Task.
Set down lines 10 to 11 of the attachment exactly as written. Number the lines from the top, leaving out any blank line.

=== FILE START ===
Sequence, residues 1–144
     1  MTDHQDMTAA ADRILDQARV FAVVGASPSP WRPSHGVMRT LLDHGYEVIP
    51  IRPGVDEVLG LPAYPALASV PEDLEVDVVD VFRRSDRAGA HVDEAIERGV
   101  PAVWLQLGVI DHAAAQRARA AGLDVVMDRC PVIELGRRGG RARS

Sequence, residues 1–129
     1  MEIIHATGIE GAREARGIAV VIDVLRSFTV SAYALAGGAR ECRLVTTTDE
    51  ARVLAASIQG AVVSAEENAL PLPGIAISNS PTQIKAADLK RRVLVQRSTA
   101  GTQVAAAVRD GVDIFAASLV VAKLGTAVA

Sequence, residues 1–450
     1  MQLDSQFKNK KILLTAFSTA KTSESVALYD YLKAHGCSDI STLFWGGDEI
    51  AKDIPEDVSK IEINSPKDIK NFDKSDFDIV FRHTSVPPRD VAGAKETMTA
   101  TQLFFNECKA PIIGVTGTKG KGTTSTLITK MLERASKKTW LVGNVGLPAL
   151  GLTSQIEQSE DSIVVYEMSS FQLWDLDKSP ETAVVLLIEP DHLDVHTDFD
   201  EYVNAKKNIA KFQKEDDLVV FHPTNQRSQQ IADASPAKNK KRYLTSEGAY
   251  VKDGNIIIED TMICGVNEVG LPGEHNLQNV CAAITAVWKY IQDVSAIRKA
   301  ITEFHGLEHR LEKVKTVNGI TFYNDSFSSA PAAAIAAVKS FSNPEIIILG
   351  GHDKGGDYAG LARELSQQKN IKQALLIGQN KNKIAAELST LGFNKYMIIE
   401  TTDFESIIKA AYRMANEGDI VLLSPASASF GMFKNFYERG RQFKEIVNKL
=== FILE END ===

     1  MQLDSQFKNK KILLTAFSTA KTSESVALYD YLKAHGCSDI STLFWGGDEI
    51  AKDIPEDVSK IEINSPKDIK NFDKSDFDIV FRHTSVPPRD VAGAKETMTA